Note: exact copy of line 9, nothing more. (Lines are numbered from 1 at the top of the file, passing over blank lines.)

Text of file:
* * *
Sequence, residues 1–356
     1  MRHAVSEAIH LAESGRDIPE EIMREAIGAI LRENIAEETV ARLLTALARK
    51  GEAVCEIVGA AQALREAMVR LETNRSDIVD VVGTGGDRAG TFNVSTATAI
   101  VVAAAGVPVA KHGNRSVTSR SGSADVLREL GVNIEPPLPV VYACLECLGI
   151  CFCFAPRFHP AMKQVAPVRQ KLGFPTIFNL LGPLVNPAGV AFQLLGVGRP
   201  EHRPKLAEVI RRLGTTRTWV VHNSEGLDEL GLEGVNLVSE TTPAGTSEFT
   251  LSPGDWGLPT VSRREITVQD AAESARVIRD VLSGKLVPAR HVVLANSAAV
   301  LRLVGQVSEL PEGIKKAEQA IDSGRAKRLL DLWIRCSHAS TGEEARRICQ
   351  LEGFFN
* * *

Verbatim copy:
   351  LEGFFN